is a useful convention, because there are several theorems about these
            circles. The circle you have been discussing is perhaps best called
            "the cevian circumcircle" for safety.

            John Conway
          • Barry Wolk
            First some definitions: ... OK, I will use the term cevian circumcircle of a point P for the circle passing through the three cevian points of P. For P =
            Message 5 of 20 , Mar 3, 2000
            • 0 Attachment
              First some definitions:
              John Conway wrote:
              > The circle you have been discussing is perhaps best called
              > "the cevian circumcircle" for safety.

              OK, I will use the term "cevian circumcircle" of a point P
              for the circle passing through the three cevian points of P.

              For P = (x:y:z) in barycentrics,
              iso(P) = (1/x : 1/y : 1/z) = the isotomic conjugate of P,
              sub(P) = (y+z : z+x : x+y),
              super(P) = (y+z-x : z+x-y : x+y-z)

              Now a few results:
              The 9PC is the cevian circumcircle of G, and also that of the
              orthocenter H. Does this generalize? Well, it is easy to show that,
              for any two points P and Q, the cevian points of P and the cevian
              points of Q all lie on a conic. And I have just proved that P and Q
              have the same cevian circumcircle iff sub(iso(P)) and sub(iso(Q))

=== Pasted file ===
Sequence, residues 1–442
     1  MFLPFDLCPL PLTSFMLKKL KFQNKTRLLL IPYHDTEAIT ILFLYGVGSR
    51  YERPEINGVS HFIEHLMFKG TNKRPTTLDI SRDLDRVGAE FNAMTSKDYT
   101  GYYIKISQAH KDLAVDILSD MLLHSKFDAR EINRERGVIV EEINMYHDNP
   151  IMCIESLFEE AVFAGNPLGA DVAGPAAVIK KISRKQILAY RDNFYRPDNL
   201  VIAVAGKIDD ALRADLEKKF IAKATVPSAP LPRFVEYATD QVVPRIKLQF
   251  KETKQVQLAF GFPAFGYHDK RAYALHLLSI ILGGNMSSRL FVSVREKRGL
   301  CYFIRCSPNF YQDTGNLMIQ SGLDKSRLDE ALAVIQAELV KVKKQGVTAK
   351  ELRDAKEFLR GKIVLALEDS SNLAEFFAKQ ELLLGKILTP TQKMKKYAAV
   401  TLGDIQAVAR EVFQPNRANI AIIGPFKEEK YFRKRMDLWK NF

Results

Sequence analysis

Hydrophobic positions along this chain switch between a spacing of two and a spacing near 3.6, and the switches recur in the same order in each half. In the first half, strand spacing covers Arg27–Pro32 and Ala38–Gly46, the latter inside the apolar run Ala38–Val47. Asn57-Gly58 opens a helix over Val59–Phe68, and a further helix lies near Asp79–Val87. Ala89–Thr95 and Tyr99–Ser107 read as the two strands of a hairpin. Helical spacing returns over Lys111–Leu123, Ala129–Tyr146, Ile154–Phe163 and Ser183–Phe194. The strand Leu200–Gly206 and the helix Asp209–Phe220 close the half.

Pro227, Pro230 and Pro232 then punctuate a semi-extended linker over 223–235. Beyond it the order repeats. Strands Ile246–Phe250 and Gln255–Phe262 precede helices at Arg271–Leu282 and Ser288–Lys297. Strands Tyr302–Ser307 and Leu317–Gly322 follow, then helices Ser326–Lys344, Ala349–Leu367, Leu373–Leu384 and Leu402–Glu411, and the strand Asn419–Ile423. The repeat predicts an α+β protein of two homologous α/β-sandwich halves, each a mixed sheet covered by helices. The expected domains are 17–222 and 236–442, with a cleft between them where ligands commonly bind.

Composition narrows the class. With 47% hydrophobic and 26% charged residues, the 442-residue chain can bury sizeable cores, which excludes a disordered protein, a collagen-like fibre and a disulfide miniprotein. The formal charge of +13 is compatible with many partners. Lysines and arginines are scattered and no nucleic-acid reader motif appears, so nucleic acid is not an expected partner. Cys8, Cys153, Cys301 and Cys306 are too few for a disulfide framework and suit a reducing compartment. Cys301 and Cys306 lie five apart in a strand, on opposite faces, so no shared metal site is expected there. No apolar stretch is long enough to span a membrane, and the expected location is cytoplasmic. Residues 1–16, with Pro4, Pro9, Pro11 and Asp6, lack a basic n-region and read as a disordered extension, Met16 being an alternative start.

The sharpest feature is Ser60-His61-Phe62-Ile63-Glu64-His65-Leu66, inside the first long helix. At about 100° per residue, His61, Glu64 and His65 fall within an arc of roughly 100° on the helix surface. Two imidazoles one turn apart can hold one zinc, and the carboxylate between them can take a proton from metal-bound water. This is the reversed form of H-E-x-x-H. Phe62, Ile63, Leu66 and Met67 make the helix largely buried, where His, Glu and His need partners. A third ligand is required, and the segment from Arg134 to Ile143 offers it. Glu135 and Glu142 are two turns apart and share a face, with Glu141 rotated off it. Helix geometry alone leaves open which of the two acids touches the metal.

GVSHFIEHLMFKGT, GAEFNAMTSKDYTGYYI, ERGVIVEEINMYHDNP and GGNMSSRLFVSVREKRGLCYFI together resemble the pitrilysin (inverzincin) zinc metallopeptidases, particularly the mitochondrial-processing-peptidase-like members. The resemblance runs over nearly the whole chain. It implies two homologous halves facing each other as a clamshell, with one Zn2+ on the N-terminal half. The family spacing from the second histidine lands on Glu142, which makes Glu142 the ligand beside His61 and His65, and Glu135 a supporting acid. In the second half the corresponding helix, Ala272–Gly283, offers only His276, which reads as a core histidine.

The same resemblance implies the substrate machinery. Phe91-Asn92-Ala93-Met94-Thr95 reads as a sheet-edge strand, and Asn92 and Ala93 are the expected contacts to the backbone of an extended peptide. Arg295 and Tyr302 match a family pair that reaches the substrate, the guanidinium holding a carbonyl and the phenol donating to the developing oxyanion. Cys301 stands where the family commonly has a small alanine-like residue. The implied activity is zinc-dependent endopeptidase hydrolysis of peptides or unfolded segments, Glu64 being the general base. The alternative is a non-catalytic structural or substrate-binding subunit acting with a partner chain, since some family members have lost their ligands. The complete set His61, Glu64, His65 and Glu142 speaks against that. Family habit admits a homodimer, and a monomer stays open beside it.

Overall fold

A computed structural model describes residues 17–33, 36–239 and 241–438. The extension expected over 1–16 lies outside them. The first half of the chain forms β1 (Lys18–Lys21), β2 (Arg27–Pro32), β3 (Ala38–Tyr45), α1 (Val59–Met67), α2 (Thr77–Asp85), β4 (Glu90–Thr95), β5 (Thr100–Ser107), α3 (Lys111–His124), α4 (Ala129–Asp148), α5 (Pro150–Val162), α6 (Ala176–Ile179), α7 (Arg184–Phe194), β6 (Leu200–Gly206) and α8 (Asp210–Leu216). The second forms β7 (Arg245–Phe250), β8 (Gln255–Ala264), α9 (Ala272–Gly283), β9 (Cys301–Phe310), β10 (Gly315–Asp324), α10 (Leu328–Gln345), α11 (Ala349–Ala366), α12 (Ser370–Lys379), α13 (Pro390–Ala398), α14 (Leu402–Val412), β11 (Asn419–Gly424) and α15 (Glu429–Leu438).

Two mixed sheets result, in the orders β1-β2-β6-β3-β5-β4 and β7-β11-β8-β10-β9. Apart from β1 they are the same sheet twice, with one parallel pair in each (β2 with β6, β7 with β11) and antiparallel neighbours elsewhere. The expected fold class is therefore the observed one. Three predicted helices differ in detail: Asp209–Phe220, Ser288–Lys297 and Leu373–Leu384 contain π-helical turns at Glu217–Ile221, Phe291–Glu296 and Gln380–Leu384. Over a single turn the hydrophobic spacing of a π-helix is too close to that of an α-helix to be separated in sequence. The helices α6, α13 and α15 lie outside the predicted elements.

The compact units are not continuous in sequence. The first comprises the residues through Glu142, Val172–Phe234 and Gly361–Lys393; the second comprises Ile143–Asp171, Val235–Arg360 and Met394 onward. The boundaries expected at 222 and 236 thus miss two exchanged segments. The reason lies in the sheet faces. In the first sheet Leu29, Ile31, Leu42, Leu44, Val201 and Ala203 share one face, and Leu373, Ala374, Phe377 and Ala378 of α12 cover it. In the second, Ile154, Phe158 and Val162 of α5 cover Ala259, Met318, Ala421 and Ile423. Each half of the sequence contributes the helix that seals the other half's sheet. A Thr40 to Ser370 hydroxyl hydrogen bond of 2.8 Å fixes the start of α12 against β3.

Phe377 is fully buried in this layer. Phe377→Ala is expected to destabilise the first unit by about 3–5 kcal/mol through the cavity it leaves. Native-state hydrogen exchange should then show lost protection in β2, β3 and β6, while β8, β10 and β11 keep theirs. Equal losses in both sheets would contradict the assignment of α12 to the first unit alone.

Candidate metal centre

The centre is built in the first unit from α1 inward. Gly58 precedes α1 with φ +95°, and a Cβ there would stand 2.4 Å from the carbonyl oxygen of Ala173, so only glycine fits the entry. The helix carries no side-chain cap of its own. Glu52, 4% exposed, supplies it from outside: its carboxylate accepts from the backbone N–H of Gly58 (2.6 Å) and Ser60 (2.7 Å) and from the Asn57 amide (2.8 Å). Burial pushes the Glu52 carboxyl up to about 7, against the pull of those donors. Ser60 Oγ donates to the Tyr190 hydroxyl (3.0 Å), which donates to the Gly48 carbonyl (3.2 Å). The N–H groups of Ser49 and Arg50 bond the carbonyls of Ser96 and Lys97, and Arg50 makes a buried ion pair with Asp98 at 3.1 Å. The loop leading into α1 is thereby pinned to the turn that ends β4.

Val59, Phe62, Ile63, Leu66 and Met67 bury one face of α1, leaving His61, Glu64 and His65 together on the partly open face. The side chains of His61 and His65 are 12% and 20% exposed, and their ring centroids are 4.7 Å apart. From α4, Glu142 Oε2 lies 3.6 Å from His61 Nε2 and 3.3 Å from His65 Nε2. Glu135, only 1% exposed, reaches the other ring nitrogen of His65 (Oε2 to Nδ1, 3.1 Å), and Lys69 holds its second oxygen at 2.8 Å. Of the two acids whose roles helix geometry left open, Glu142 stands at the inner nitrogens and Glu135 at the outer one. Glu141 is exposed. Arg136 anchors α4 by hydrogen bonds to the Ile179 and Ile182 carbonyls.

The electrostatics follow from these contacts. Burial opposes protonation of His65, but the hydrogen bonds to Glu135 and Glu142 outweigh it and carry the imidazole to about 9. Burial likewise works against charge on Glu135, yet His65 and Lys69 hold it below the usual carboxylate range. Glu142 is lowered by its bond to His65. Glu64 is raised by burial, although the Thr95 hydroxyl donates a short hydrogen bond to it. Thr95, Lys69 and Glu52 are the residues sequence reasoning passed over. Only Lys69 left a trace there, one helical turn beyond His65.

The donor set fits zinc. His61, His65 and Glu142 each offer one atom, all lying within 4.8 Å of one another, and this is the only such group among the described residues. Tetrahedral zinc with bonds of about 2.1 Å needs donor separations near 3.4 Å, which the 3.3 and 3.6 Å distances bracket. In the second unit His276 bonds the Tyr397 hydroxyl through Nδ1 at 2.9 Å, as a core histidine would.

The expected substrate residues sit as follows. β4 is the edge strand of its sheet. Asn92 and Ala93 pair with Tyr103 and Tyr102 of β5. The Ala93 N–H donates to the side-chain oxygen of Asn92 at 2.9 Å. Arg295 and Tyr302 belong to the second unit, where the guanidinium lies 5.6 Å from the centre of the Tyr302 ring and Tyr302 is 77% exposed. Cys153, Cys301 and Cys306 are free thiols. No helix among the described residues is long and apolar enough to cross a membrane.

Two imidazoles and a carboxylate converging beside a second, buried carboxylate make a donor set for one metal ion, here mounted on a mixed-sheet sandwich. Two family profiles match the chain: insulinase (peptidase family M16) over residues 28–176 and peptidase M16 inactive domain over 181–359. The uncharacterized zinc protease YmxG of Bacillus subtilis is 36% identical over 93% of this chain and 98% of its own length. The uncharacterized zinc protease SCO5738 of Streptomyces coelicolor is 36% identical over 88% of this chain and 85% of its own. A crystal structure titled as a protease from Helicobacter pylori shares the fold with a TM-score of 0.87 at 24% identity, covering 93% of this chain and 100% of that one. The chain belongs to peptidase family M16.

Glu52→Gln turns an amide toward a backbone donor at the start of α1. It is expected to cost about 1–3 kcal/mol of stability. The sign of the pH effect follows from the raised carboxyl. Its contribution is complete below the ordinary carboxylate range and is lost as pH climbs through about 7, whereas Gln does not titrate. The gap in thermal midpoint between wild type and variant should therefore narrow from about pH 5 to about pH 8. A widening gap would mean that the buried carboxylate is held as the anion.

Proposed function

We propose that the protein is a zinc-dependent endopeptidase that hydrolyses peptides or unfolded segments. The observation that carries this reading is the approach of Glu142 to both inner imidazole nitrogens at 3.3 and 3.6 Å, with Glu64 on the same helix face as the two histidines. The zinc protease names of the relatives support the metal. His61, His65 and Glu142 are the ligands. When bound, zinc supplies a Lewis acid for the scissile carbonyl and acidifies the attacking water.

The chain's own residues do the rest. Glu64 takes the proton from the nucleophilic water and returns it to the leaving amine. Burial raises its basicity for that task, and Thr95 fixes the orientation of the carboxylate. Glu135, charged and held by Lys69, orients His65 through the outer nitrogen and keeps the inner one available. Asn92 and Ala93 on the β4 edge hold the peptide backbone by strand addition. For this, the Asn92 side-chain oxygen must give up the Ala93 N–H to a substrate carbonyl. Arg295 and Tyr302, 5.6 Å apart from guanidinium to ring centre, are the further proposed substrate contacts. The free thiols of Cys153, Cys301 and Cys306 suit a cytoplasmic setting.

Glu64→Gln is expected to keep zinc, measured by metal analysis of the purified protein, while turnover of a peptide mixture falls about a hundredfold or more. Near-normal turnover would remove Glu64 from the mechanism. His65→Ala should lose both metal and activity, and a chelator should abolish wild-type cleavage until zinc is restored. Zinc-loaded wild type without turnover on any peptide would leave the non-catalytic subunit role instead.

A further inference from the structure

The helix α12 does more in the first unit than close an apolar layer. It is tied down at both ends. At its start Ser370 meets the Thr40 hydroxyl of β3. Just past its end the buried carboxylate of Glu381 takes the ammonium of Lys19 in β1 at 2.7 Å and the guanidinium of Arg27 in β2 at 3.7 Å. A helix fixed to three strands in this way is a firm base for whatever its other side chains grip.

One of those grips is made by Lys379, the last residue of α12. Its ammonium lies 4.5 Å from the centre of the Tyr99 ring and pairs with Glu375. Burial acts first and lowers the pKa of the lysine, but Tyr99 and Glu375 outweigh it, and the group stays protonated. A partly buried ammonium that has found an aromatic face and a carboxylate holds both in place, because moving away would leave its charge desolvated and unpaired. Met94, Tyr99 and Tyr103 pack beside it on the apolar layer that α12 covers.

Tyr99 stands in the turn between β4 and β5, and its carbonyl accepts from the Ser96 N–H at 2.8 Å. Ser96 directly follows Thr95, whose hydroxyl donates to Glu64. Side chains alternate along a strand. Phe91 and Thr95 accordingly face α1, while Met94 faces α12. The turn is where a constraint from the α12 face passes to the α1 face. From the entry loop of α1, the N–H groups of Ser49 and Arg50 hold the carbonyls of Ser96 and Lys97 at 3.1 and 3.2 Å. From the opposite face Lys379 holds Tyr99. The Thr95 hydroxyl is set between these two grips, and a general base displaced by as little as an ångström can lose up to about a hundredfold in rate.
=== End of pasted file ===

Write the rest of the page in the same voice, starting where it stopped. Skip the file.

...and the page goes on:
are isogonal conjugates. The hardest part of this was finding the
              result which was to be proved -- the proof itself wasn't that bad,
              just some fiddling with the equations.

              This is related to what Jean-Pierre.EHRMANN wrote:
              > May be, it would be interesting to study the group G generated
              > by isogonal conjugaison and cyclocevian conjugaison and to try
              > to find the points M such as the set of W(s(M)) - with s in G -
              > is a finite subset of the NPC.

              I didn't know there was a term "cyclocevian conjugate". So the
              cyclocevian conjugate of P is iso(super(con(sub(iso(P))))).
              :-)

              Finally, a note for Steve's thread "Unusual concurrences and cublcs"
              The twelve points of any desmic configuration always lie on a cubic.
              Specifically, the points
              (U+u : V+v : W+w) (1:0:0) (0:1:0 (0:0:1)
              (U:V:W) (U:v:w) (u:V:w) (u:v:W)
              (u:v:w) (u:V:W) (U:v:W) (U:V:w)

              all lie on the cubic

              x(u+U)(wWyy-vVzz) + y(v+V)(uUzz-wWxx) + z(w+W)(vVxx-uUyy) = 0
              --
              Barry Wolk <wolkb AT cc.umanitoba.ca>
            • Jean-Pierre.EHRMANN
              ... De : John Conway À : Cc : Hyacinthe Envoyé : vendredi 3 mars 2000 17:10
              Message 6 of 20 , Mar 5, 2000